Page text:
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Receivership

At APL Insolvency we specialize in helping business owners when their company is facing insolvency. We understand both the challenges and responsibilities directors must deal with including the need to take action when their company is having difficulty paying its debts.

If your company is experiencing financial difficulty, the team at APL is here to help you understand the options that may be available.

If your company is having difficulty paying secured debt or if a secured creditor has appointed a receiver over the assets of your company, talk to us today to discuss your available options.

Here is some information about the receivership process to help you understand more about receiverships.

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What is a Receivership?

A receivership is an appointment made by a secured creditor seeking repayment of their outstanding debt.

If your company has not been repaying secured debt owed to a creditor such as a bank or a finance company, the appointment of a receiver is a possibility. A secured creditor holding a ‘registered security interest” over your company’s assets has the right to take this route to seek repayment of their outstanding debt if you have defaulted on repayments: (A registered security interest may be held over property such as land and plant & equipment or over assets such as book debts, cash and stock.)

Once appointed, a receiver has the power to trade the business, sell the company’s assets, collect outstanding debts or otherwise recover funds to repay the secured creditor’s debt, much like the powers of a liquidator or external administrator. However, unlike a liquidator or external administrator, a receiver is concerned strictly with debt owed to the secured creditor who appointed them (ie:the lender or financial institution) and is not required to act in the interests of the company’s unsecured creditors.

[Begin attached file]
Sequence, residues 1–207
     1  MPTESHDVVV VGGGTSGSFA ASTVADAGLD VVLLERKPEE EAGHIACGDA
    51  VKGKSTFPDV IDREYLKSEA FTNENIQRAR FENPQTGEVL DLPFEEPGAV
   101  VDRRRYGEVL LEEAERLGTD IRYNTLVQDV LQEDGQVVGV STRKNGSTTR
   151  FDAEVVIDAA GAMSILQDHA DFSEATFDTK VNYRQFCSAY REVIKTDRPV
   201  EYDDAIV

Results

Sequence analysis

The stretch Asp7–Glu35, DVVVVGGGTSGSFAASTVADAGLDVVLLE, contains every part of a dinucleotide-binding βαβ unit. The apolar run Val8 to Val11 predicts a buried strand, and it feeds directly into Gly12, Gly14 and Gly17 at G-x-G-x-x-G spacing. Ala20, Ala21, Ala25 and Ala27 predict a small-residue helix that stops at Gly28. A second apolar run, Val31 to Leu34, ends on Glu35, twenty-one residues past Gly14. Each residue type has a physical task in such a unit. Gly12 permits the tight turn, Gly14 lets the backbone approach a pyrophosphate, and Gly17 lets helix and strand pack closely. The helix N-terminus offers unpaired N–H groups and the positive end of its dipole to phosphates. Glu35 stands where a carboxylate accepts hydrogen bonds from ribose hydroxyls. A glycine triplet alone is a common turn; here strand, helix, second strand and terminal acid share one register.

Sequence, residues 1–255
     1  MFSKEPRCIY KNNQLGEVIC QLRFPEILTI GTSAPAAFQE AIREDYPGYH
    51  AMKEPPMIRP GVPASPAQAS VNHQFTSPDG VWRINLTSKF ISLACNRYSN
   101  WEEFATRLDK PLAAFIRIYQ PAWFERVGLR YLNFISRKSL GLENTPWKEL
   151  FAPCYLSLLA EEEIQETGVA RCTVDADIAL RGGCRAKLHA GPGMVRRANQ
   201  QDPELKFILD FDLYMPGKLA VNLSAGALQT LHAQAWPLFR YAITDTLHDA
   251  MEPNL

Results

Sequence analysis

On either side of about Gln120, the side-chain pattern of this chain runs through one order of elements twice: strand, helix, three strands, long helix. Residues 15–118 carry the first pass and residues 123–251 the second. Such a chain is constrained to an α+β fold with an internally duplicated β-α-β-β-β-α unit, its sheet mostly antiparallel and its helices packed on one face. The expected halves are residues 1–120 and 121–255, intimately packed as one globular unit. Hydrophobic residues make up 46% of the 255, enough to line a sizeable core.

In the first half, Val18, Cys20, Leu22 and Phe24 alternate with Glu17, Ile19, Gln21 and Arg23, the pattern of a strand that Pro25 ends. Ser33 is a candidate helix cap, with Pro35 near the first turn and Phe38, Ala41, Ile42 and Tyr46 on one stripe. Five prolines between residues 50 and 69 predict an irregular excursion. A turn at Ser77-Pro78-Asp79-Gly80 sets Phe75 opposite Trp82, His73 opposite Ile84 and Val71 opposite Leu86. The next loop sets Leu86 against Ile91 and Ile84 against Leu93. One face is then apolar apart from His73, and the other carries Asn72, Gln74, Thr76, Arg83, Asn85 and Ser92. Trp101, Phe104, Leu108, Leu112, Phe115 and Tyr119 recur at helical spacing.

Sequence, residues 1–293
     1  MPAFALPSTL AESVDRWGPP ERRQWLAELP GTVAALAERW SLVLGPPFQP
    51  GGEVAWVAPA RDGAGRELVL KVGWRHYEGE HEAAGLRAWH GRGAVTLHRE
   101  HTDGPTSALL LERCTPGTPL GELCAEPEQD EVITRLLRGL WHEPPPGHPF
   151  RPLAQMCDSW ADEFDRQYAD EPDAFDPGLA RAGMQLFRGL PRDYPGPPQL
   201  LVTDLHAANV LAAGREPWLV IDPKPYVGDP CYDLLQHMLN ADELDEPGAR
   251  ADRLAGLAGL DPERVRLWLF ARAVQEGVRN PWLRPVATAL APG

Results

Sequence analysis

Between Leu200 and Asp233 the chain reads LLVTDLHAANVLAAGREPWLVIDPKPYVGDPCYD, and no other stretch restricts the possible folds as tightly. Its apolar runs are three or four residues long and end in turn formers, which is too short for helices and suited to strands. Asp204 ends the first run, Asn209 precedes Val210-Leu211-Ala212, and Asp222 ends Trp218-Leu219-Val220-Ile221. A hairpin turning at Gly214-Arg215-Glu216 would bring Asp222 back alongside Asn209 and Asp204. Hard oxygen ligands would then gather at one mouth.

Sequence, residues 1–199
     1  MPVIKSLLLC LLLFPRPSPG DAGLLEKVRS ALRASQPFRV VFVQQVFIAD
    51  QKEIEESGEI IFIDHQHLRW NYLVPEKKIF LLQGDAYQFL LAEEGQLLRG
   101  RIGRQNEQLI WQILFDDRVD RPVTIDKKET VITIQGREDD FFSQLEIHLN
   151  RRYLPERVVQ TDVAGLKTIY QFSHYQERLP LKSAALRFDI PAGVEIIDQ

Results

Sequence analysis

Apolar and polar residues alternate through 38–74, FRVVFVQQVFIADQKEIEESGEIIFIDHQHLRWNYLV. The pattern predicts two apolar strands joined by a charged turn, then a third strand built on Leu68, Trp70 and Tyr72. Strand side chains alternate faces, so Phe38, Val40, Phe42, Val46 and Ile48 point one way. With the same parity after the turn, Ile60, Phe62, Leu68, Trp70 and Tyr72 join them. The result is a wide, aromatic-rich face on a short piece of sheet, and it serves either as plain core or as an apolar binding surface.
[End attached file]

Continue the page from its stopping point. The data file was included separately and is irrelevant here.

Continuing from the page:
Funds recovered by a receiver are distributed according to priorities set out in the Corporations Act 2001, in which funds are repaid to the secured creditor after payment of the fees of the receiver (and in certain circumstances, after payment of priority amounts such as outstanding superannuation or employee entitlements).

Person using a calculator
 

What are the potential outcomes of a Receivership?

The best-case scenario if your company goes into receivership is that there are sufficient funds available for your secured creditors to get repaid (and to pay the receiver’s fees) and control of the company then returns to you. In this unlikely event, the directors regain their full power, employees keep their jobs, and you can carry on with a focus on your business and re-establishing the company’s financial footing.

More commonly however, the receiver will not only collect the company’s outstanding debts but also sell its valuable assets or possibly sell the business itself to raise funds for the secured creditor. That is, you run the risk of your entire business being sold to cover the secured debt.

A receivership can be a difficult process for directors, yet it possibly can be avoided by seeking expert advice as soon as there is even a remote threat of insolvency.

The best way to protect your company is to seek advice early!

If your company is experiencing financial difficulties, now is the time to act.

At the first signs of financial stress, it is always best to seek advice from an experienced insolvency practitioner who can advise regarding the available options to help you maintain control of your company and deal with its debt and financial struggles. The sooner you speak to an insolvency expert, the more options may be available to you to help your company survive.

If your company is having difficulty maintaining payments to your secured creditors, it is important that you seek advice from an insolvency expert as soon as possible to discuss the available options.

APL Insolvency has over 20+ years of experience in dealing with receiverships and other forms of corporate insolvency.

If you are interested in learning more about receiverships and how a receivership can impact your company, contact APL Insolvency today to arrange a free, no-obligation options assessment consultation.

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